What is the future of deposits?
By Alex Timperley, 18 October 2018
It is fair to say that the current system of rental deposits is not working nominally for many tenants who are unable to move out of an unsuitable home thanks to the sums involved. The standard amount of six months’ rent on top of all the other costs of moving is simply too much for many people, and so they end up stuck.
The dissatisfaction with the current system was laid bare by a YouGov poll in September which revealed that almost half of all renters would prefer a lower cost insurance-based system instead of the current deposit schemes.
In addition, research from the Centre for Policy Studies shows that, by paying out that amount of money in one go, the average renter loses approximately £300 over the course of a tenancy due to inflation and lost interest – money which many can ill afford to lose. Add to that a recent study from Comparethemarket which shows a third of tenants do not believe that their landlord has placed their deposit in a compulsory deposit protection scheme, and an additional third of renters do not know what scheme their deposit is being held in, and it becomes clear that something needs to change.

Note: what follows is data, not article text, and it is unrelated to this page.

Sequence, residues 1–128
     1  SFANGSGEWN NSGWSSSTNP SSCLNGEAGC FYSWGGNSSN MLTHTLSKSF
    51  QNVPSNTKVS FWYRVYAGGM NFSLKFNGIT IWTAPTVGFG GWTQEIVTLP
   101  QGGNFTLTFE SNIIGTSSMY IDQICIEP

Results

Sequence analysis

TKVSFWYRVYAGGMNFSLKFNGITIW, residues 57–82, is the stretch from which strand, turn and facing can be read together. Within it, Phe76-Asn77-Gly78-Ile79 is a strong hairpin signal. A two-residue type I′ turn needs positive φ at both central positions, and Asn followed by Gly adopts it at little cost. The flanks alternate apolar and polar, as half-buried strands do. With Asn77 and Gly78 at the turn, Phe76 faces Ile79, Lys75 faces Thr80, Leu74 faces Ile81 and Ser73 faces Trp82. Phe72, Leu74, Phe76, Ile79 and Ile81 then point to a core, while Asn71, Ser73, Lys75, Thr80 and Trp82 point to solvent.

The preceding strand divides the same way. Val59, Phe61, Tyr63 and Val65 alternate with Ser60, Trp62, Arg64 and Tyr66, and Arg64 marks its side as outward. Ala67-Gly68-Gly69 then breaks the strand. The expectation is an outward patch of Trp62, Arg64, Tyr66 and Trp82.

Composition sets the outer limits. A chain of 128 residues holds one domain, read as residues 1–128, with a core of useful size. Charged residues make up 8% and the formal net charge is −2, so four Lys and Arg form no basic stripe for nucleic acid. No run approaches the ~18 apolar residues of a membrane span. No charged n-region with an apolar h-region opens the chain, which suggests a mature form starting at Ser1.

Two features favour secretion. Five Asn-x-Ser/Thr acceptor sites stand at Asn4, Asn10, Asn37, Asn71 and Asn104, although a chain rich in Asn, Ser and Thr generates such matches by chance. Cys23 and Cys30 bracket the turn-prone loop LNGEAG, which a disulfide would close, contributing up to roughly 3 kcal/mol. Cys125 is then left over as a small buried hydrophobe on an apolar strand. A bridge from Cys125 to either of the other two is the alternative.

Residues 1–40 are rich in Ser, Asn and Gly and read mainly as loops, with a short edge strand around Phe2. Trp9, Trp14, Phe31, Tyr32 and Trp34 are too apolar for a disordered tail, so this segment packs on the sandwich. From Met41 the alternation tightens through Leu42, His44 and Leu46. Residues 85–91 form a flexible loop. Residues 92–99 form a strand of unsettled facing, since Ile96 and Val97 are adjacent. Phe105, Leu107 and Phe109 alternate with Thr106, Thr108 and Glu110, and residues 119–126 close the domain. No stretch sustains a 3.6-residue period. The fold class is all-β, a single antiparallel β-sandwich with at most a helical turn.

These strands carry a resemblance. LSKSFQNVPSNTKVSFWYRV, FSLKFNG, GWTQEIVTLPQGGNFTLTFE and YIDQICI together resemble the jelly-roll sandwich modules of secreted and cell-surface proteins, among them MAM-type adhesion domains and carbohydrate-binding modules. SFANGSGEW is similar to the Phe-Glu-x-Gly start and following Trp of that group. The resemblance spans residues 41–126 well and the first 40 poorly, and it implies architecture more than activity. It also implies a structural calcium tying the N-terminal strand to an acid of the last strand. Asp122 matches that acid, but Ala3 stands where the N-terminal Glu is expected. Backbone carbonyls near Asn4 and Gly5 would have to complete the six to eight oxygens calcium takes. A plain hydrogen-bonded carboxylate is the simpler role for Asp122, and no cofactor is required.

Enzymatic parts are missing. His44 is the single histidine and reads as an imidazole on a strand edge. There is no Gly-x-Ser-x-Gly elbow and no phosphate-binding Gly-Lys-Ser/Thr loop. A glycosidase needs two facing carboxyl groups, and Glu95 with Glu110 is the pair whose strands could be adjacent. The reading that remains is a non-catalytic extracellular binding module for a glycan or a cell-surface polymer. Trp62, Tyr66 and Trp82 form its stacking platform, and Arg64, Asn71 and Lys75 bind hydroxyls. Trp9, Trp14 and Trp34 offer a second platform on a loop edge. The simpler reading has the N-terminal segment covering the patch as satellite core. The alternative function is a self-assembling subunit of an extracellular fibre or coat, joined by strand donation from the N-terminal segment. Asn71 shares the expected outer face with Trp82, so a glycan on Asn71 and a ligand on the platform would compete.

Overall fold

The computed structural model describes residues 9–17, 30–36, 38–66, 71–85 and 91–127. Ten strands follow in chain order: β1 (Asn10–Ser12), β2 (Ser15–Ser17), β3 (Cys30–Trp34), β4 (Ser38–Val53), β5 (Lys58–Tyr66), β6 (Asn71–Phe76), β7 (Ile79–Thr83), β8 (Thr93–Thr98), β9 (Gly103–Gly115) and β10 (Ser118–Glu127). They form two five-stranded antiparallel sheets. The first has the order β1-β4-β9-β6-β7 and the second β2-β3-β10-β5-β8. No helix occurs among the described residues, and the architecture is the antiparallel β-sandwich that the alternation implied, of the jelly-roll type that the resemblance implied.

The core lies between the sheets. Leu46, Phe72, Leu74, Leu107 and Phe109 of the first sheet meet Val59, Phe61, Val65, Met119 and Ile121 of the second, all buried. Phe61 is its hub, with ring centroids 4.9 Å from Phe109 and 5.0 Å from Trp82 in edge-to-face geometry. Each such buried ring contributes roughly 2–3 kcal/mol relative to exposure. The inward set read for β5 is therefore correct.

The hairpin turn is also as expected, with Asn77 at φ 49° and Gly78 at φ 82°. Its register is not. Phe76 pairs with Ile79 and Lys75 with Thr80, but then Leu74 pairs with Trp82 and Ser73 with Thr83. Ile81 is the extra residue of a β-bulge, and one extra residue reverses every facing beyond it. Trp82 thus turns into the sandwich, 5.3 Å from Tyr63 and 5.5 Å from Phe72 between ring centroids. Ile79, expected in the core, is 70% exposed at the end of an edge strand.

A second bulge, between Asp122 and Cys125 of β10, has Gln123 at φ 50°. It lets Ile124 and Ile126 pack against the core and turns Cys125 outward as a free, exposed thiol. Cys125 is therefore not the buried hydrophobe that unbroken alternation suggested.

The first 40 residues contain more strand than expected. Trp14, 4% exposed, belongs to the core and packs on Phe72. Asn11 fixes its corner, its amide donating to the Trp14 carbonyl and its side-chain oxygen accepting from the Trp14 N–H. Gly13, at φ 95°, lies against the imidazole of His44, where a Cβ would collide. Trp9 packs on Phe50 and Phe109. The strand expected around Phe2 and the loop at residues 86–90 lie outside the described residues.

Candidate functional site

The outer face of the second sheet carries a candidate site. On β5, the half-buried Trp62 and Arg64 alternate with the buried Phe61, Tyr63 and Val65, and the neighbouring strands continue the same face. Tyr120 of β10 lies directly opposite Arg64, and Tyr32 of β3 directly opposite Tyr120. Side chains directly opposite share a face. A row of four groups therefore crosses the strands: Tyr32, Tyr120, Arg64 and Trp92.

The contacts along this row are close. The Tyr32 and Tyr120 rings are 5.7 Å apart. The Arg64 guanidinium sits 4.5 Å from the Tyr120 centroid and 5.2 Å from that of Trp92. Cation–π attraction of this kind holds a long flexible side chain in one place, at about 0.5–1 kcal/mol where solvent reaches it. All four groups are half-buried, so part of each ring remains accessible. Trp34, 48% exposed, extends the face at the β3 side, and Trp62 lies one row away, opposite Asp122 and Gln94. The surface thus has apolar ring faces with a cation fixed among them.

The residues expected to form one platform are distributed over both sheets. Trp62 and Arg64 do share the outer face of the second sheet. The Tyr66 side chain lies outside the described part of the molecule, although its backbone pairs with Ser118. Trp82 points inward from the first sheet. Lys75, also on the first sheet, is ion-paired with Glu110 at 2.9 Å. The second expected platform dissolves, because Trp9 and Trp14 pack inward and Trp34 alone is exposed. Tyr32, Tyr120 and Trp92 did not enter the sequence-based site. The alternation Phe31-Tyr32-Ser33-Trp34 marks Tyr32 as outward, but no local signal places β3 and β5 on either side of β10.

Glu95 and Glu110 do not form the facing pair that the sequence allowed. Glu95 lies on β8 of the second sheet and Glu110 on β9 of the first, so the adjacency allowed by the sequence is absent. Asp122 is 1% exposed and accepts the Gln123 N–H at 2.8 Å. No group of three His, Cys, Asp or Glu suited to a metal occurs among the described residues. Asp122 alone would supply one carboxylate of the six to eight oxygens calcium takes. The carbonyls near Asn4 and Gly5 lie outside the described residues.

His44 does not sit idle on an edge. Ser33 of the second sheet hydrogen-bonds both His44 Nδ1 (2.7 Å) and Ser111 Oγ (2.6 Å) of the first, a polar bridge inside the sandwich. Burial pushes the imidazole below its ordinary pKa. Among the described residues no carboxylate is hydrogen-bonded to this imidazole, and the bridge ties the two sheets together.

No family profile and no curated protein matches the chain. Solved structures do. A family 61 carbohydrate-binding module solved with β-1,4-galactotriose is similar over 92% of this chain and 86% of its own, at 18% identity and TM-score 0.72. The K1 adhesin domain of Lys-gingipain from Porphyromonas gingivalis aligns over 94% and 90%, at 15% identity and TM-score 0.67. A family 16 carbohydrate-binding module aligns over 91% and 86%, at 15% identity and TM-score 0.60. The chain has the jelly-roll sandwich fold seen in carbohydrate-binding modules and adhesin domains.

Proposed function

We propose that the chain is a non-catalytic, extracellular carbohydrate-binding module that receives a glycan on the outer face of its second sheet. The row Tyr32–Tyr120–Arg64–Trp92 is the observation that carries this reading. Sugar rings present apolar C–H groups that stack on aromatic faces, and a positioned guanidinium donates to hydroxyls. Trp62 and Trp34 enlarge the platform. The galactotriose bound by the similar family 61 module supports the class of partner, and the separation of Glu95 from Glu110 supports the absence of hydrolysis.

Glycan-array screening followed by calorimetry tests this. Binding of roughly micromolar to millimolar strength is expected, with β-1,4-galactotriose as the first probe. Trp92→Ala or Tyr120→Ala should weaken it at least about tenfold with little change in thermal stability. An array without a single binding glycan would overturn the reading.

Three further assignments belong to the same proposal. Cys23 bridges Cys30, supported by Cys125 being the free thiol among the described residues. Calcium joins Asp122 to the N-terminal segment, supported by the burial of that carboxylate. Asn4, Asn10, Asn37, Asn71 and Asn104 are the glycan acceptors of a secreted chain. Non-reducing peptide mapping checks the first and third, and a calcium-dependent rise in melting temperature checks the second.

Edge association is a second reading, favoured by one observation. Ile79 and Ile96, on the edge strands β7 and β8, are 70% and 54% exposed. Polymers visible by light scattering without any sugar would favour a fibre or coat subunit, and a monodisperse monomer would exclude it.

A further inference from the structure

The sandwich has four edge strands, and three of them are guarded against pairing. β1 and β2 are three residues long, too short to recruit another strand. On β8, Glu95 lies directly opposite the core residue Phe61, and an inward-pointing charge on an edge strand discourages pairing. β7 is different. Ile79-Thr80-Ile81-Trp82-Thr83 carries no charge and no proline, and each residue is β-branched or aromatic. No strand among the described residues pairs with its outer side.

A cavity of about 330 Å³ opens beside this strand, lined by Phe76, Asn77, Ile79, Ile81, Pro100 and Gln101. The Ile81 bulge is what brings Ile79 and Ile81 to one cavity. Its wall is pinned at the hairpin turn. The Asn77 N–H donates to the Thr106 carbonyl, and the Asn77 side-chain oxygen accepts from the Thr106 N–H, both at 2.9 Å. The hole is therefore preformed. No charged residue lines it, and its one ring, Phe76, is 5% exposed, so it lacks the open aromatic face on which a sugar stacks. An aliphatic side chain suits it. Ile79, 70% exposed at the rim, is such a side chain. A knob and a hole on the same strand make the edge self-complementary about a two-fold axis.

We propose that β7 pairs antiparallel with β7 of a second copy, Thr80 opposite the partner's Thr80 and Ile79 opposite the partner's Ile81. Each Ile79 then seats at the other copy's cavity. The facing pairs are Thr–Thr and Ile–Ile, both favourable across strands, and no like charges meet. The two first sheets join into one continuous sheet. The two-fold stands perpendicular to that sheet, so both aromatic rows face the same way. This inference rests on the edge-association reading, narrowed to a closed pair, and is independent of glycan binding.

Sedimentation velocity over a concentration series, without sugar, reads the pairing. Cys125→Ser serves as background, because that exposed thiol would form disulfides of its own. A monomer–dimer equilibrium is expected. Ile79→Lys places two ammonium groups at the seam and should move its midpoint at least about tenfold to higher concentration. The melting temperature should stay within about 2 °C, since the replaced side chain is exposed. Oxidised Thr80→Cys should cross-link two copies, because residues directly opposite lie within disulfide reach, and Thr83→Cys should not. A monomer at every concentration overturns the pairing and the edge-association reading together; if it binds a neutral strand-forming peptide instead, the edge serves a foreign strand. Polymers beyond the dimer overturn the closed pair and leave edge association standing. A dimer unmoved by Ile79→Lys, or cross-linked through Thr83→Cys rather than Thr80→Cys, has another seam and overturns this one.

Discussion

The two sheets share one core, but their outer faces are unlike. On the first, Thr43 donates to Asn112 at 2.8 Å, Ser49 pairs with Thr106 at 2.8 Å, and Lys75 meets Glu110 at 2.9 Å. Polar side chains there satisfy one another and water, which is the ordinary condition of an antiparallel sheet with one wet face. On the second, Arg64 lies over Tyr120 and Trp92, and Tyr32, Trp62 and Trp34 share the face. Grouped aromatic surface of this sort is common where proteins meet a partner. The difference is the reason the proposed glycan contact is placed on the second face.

In the face of this, a ‘no deposit’ alternative is becoming more popular. The proposed system would be based on insurance payments which would lower costs for tenants and cover landlords in the face of missed rental payments, maintenance costs and legal fees.
A scheme like this could serve to empower renters financially, removing the pressures that consumer group Which? says cause two in five renters to resort to credit cards, overdrafts or high risk loans to get together the money for a deposit. Without having to place themselves into unnecessary debt in order to move to a new home it is hoped that the lives of many people could be improved.
From the perspective of landlords, the aforementioned benefits of paying a smaller amount for insurance each month which covers potential larger costs is an easy win. In addition, if tenants are less financially burdened then finding the best, most reliable renters for your property will become much easier.
The current deposit system shows all the signs of being outdated and both landlords and tenants could benefit from introducing a simpler, more accessible system. As more and more people rent in the long term – including a growing number who have no intention of ever buying a home – then it will become increasingly urgent to make every aspect of the renting system work for everyone involved. The debate around deposits will shape a large part of that.
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